The Premier League is signing up to a new Muslim athletes charter, a “first of its kind” idea created to support Muslim sportsmen and women in their field of work.
The official launch of the historic Muslim athletes – devised by Ebadur Rahman, formerly of The FA and founder and chief executive of Nujum Sports – will commence on Saturday.
The charter seeks to “challenge organisations” to make progress in supporting Muslim sportsmen and women, with signatories pledging to “create positive change” for the second largest faith community and the fastest growing faith in the UK.
There are ten points contained within the charter, such as non-consumption of alcohol, including during celebrations, the provision of appropriate places to pray, halal food, and being allowed to fast in Ramadan.
There are currently 250 Muslim players in the first teams and academies across the top four leagues of English football, with the likes of Manchester United’s Paul Pogba, Liverpool duo Mohamed Salah and Sadio Mane, and Chelsea’s Champions League-winning N’Golo Kante and Antonio Rudiger among the highest-profile Muslim players in the Premier League.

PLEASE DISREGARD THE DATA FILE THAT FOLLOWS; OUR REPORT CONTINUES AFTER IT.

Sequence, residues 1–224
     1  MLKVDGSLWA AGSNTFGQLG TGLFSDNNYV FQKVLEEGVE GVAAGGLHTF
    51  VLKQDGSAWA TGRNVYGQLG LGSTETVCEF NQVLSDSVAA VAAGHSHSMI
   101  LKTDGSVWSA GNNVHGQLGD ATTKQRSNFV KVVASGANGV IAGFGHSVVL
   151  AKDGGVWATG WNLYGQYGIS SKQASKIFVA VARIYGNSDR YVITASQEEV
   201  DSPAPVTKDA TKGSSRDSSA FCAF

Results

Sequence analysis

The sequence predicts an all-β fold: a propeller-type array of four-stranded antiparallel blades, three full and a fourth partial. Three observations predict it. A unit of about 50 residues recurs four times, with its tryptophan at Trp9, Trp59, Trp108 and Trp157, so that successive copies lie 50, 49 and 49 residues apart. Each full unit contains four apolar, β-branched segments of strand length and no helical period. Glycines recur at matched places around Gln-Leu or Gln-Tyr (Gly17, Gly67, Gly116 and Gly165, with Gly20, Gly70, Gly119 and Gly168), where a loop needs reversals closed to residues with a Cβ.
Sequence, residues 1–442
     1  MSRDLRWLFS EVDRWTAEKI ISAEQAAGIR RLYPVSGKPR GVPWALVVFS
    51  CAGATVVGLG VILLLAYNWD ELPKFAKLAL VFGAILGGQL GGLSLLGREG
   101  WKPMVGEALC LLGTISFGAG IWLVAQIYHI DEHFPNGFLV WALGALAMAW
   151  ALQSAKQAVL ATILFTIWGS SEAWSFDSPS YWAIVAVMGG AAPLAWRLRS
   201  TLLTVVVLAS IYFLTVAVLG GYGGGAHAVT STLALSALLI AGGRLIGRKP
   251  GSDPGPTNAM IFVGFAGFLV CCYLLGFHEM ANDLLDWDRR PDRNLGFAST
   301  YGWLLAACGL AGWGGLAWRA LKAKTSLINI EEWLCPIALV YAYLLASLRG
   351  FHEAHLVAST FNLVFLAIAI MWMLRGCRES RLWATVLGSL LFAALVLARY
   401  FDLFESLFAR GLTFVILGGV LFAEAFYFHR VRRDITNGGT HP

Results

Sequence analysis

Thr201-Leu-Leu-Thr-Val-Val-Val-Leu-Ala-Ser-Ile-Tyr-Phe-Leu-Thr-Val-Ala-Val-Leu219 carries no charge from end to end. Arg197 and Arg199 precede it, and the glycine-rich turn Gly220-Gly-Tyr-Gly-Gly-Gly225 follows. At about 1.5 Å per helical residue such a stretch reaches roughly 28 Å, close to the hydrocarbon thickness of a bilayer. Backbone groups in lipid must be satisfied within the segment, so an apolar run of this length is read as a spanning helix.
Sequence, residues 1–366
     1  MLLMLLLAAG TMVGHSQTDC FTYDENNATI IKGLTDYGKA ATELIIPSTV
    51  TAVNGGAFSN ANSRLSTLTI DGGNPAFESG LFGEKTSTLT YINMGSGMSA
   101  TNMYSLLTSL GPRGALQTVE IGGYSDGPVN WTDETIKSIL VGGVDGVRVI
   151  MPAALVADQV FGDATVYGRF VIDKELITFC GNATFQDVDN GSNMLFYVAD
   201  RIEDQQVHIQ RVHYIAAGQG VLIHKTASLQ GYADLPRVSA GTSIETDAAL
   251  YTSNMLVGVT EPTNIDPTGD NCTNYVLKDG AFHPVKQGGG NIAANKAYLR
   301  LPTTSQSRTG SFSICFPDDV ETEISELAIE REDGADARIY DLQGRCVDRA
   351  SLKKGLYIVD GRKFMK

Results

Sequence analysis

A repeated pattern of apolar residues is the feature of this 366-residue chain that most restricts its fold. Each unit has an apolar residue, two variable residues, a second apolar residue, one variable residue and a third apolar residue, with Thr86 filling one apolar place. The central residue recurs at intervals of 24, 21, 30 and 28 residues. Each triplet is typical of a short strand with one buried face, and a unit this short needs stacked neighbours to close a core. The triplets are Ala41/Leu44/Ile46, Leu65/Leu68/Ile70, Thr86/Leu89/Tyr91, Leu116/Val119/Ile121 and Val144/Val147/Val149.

Five Premier League clubs and a further 15 from the EFL have pledged to support the charter, with Kick it Out and the Football Supporters’ Association also giving their backing to the groundbreaking initiative.
“Having worked in sport, I am well aware of the difficulties being able to practice my religion,” Rahman told BBC Sport when speaking about the charter, “After speaking extensively to athletes and clubs, we felt it was the right time to have a Muslim athlete charter in place in the UK.
“We believe it is the first and only one of its kind. Clubs and organisations are joining a positive movement of solidarity, equality and recognition of the contribution Muslims make at their respective clubs and teams.”